Joyce for home, and one for anywhere that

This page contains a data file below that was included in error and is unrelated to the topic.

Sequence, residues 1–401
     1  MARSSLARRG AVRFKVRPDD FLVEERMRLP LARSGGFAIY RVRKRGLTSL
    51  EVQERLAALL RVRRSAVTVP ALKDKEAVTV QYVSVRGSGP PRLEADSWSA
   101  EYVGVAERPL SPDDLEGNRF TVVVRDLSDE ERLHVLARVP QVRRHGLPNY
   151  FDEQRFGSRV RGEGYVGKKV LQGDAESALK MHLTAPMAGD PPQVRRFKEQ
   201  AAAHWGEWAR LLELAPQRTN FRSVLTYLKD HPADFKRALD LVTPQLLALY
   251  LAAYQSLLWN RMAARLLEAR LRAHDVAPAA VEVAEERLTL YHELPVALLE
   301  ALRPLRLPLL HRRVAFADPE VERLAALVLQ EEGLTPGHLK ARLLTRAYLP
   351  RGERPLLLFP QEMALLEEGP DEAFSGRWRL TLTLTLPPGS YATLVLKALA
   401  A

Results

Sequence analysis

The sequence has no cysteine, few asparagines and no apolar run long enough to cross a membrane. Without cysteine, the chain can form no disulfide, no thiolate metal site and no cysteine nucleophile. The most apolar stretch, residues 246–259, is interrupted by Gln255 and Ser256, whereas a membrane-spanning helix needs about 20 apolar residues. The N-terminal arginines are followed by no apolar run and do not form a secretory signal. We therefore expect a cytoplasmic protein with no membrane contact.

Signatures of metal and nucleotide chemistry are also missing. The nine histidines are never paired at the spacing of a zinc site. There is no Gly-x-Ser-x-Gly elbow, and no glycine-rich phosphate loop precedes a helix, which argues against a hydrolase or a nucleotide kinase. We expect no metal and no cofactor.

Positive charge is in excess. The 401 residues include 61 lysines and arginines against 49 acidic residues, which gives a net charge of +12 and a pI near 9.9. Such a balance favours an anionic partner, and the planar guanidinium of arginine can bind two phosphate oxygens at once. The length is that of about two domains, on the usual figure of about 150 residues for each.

Joyce Carol Oates’ “Where Are You Going, Where Have You Been?” is about a young girl’s struggle to escape from reality while ignoring her parents and seeing herself as a beauty queen. She is forced back into reality when confronted by a man who was not at all what she thought he was. Her name is Connie, and she is just like all of the girls from the time she lived in. She is self-obsessed and in a rush to grow up. She was constantly fighting with her family as well. Women in the story love criticizing and judging each other.Women have no control over their lives, their lives are all dependent on men. In the story women are never seen driving because it was a symbol of control and only men had that.  Her race to maturity is the trait focused on her two different personalities,  ‘One for home, and one for anywhere that was not home’ (431). Everything about her is shown as soon as she steps out the front door. The child, who she really is, is hiding; the woman she wants everyone to know and believe she is becomes believable. She is determined to show this new women to the world. She feels as if she needs to be in the adult world to get what she’s always wanted. This believes that she wants this for herself until she is proven wrong. The day a shiny golden convertible pulls into her driveway was the day she met Arnold Friend and the worst started to come. Connie thinks she found someone who symbolized everything she wanted by Arnold showing up looking and acted like a mature adult, until she discovers the kind of person Arnold really is. He is very straightforward and open with her. Connie not only cared about her own appearance, she also cared about the people she associated herself with. “Connie liked the way he was dressed, which was the way all of them dressed” (458), meaning all the people she was ever attracted to. She was mainly attracted to people who dress well and had an appearance that portrayed them looking successful and mature, an “older” view. She was attracted to people who looked good because she viewed them the way she viewed herself. Connie was attracted to older men because she was rushing to grow up and be mature just like they were. She wanted to experience the adult life and get away from the child life that she was currently experiencing.  After getting to know Arnold, Connie realized who he really was and she was not interested in him at all. At this point Connie begins to realize that something is off with Arnold “has come from nowhere… and belonged nowhere” (9). She begins to feel that Arnold is torment her. There was no background information given about Arnold, so this may be a constant cycle of what he does. Arnold Friend is simply an earthly psychopath skilled in manipulation, because of how he approaches her and treats her it seems that his intentions aren’t as pure as he is making them seem. Maybe this entire thing is a dream, maybe Arnold isn’t real and this entire situation never occured. It seemed unsettling.  Yet something around the idea that Arnold Friend is the devil, or some other supernatural being, since there is absolutely nothing is given about Arnold’s past. Arnold talks to Connie in a sense as if he is almost assaulting her but by word of mouth, which is why many see him to be the devil in her world. For example, he showed up to her house and said he was not going leaving until she gets into his car. ‘She cried out, she cried for her mother, she felt her breath start jerking back and forth in her lungs as if it were something Arnold Friend was stabbing her with again and again with no tenderness’ (465). This quote is clear in showing that Connie is nothing less than terrified. She doesn’t know what to do or what will happen. Arnold promised he wouldn’t enter the home. Connie felt safest in the place she was, although she was contemplating whether or not to call the police. Connie was too terrified to have an argument with Arnold so she did not touch the phone and followed his directions in pure terror. However, after Arnold scares her even more she makes a move for the phone. When she gets to the phone without being harmed she is too terrified to do anything with it. Oates doesn’t just state that Connie was being raped by Arnold, we know it happened based on the context used. Connie knew exactly what she was about to face, pure danger. Her life has forever changed. By Connie opening the door to go to Arnold shows that she realized bad things were already occurring and that not much could be worse. Her future looks transparently cold. Life is a path of accomplishments and achievements as well as some confrontations. It has its own ups and downs, but everyone lives it and has to live life as there is no other option, mainly because there isn’t. What we learn as we age is making right choices and using the support that we have around us, our family and friends makes us who we are. Family support truly shapes how we grow from immature children to responsible adults. Connie unfortunately learned life’s obstacles by putting herself in situations she wasn’t ready for. She didn’t have the time or experience she should have had to know whether what she was doing was right or wrong. He fooled her because she was young and vulnerable and she was stripped of her teenage innocence because of her inexperience. The decisions that you make throughout life can make or break you; you just have to make the right ones. It is this false sense of knowledge and dismissal of who she really is that creates the unhappy ending Connie got at the end of the Oates’ story.

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